If you’re in an inactive state, get more deeply connected to your body by taking a walk or a cold shower. Once you’ve returned to the window of regulation, you can make wise decisions about your finances gain.

Navigating the holiday season can be a transformative journey of self-discovery and empowerment. By understanding the three layers of influence on our financial behaviours, embracing our financial emotional intelligence and staying within the window of regulation, we can make wiser financial decisions.

financial security concept, hand holds umbrella over coins

QUIZ: Are you a hoarder, hater, seeker or saver?

Answer the questions to determine your money EQ! Tally up your As, Bs, Cs, and Ds as you go, then check out your result at the end.

1. When it comes to holiday gifts, you are most likely to:

a. Splurge on extravagant gifts for everyone.
b. Feel guilty about spending money.
c. Showcase your wealth with thoughtful and lavish presents.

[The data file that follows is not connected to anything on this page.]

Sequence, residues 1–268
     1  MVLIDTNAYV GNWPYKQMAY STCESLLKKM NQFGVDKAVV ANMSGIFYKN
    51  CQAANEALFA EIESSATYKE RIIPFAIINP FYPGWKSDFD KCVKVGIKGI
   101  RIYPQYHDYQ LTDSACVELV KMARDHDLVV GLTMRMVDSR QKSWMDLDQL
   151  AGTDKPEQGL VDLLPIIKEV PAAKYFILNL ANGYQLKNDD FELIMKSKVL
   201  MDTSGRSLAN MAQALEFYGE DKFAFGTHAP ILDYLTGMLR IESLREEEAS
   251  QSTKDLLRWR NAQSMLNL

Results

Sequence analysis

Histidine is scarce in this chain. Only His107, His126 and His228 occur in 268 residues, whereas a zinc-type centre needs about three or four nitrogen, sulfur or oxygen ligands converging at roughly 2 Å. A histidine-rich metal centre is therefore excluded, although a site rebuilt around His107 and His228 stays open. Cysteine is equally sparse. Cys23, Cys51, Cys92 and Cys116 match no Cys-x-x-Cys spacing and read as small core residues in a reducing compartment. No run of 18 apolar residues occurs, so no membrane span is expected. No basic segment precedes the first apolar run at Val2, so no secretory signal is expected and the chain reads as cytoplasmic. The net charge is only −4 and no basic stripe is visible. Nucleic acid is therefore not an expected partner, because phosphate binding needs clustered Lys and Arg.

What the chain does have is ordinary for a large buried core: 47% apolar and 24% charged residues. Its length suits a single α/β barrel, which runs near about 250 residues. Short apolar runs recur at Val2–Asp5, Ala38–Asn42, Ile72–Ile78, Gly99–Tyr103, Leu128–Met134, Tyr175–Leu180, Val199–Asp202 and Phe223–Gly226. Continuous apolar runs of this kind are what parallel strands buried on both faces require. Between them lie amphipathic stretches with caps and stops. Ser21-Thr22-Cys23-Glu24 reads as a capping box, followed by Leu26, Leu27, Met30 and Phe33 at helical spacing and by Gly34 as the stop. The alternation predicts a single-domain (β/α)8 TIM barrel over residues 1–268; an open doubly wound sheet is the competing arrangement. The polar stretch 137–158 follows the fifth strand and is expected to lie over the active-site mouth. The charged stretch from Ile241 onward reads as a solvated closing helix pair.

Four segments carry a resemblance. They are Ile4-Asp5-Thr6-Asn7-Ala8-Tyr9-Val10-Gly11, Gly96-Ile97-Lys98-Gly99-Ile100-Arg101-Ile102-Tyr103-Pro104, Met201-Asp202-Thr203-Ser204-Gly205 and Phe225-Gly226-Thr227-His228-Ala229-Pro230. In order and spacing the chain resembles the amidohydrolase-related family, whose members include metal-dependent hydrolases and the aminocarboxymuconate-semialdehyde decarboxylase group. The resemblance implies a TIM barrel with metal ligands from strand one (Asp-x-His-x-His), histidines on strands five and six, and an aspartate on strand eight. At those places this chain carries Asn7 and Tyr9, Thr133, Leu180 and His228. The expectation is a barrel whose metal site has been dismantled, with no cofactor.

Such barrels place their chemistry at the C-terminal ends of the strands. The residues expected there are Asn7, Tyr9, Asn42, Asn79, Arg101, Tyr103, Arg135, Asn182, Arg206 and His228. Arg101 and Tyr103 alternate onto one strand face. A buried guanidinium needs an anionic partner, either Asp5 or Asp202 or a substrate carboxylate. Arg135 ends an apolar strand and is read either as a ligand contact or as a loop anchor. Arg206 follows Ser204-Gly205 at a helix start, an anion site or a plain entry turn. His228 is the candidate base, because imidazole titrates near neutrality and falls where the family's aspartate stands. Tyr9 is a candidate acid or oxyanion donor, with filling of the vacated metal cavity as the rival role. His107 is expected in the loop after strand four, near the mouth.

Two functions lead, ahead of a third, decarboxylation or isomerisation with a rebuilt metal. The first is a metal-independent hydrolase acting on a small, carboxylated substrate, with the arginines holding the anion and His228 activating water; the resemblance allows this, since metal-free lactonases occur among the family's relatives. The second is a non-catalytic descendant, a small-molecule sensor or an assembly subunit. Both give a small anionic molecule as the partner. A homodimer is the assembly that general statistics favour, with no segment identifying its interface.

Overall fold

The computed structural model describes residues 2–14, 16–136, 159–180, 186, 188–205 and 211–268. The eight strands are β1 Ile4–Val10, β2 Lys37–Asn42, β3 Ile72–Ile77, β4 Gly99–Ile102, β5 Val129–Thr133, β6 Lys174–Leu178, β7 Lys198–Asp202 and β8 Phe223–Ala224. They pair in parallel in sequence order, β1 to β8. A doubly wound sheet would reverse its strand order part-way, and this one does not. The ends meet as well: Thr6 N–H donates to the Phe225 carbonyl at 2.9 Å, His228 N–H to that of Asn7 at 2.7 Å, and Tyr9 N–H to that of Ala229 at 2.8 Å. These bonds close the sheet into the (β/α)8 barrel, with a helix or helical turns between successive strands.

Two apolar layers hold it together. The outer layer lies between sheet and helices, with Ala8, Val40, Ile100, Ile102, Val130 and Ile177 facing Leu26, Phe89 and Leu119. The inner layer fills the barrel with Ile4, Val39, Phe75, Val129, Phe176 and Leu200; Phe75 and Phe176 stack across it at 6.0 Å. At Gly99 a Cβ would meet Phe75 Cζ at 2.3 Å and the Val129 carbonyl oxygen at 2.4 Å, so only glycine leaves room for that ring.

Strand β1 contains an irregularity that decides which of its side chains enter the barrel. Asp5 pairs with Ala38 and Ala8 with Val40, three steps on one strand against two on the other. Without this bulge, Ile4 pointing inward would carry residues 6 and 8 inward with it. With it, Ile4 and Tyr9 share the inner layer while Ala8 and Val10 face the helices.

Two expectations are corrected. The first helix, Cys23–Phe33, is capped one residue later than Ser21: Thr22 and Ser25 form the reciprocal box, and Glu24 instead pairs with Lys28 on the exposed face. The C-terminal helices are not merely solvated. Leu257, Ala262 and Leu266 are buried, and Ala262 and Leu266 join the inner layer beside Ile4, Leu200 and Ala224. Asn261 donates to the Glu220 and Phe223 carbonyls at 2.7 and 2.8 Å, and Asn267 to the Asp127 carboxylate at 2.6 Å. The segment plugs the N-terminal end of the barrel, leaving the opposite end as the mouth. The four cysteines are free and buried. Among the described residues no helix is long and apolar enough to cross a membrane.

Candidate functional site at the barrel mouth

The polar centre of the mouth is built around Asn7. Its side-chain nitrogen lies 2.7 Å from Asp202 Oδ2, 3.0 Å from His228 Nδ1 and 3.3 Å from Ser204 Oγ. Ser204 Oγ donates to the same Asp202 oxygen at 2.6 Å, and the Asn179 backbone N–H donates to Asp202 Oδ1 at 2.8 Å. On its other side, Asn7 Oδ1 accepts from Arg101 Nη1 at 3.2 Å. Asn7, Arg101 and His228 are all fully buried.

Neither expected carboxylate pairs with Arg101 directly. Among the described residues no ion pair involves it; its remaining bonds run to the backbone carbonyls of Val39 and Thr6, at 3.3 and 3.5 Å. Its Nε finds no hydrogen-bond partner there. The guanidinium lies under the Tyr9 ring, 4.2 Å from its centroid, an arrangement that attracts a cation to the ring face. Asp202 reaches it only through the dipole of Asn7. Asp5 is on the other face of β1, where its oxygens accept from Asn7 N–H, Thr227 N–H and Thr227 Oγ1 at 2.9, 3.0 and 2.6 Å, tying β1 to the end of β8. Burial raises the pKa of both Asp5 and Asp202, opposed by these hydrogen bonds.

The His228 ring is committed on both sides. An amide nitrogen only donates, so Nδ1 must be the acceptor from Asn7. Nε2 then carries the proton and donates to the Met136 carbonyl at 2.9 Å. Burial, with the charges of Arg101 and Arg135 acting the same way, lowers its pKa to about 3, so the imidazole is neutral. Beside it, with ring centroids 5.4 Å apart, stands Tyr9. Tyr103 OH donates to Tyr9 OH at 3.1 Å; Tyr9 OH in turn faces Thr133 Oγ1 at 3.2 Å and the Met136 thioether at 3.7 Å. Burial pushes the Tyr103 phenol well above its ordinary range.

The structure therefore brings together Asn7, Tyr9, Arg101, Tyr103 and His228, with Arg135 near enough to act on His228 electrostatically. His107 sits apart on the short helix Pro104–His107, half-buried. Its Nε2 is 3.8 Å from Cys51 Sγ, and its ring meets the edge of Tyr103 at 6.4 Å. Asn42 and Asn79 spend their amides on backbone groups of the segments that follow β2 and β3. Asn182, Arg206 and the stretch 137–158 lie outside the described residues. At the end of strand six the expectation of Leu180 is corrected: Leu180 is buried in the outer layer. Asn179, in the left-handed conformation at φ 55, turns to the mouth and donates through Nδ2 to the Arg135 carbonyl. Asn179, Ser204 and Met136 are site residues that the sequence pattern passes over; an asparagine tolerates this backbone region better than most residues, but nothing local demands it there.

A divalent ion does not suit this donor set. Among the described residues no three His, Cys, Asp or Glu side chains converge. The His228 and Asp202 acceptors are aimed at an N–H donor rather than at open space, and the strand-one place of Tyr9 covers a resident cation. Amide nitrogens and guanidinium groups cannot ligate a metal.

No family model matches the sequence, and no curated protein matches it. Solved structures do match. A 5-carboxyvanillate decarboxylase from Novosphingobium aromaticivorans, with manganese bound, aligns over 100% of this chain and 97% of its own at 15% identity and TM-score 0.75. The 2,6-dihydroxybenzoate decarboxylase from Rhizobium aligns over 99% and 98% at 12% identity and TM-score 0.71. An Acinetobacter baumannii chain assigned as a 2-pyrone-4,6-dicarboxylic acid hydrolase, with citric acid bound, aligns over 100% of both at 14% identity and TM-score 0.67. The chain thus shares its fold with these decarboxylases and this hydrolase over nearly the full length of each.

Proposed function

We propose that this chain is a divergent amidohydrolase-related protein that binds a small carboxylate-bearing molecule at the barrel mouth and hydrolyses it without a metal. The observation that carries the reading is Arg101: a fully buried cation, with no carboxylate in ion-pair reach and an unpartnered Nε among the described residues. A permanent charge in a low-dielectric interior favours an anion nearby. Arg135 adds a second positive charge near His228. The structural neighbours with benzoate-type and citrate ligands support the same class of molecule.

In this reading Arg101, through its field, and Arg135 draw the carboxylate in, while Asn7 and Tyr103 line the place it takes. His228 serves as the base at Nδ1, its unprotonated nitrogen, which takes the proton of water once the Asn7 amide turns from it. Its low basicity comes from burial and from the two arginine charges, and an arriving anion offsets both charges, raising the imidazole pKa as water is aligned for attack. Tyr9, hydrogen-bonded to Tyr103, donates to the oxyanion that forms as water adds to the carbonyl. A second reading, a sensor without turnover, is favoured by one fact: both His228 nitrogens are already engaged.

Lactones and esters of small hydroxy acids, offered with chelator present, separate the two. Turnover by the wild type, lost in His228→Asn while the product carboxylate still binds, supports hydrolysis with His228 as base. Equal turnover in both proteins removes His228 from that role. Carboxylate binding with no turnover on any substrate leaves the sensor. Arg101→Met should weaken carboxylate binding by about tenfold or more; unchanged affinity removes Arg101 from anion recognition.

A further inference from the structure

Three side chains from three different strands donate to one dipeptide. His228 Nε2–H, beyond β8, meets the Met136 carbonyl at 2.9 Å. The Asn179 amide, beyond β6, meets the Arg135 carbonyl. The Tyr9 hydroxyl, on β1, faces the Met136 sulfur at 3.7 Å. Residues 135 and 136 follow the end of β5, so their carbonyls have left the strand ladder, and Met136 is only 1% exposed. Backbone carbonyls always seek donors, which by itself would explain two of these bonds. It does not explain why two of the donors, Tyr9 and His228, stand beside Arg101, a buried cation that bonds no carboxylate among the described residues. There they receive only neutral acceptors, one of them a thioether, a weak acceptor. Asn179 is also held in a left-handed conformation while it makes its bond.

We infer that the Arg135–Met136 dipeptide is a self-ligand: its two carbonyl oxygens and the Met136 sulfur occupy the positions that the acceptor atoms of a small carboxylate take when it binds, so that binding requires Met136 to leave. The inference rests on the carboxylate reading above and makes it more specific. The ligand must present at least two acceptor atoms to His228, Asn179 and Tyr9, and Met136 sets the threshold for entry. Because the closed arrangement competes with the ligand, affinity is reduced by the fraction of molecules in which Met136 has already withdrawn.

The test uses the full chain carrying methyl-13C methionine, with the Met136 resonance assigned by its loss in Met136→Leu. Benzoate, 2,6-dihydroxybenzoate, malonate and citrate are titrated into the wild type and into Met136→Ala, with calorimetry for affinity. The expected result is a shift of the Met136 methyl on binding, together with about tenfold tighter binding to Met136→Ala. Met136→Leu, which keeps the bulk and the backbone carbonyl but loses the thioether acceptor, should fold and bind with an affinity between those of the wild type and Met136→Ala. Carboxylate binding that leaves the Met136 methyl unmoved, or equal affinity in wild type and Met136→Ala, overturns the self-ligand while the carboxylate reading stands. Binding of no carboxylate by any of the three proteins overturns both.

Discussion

d. Stick to a budget and find practical yet meaningful gifts.

2. Your approach to holiday decorations is:

a. The more, the merrier! You spare no expense on festive decor.
b. You avoid spending money on decorations to maintain simplicity.
c. Your home is a winter wonderland, adorned with luxury decorations.
d. You reuse decorations from previous years to save money.

3. During holiday sales, you are most likely to:

a. Go on a shopping spree and buy things you don’t really need.
b. Feel uneasy about participating in consumerism and avoid sales.
c. Splurge on high-end items to showcase your affluence.
d. Strategically shop for discounted items to save for the future.

4. When faced with the option of hosting a holiday party:

a. You spare no expense to throw the most extravagant party.
b. You hesitate to spend money on hosting and might opt for a modest gathering.
c. Your party is a showcase of opulence and luxury.
d. You carefully budget and plan a gathering without overspending.

5. Your attitude towards holiday travel is:

a. Plan an elaborate holiday trip regardless of the cost.
b. Feel guilty about spending money on travel and avoid it.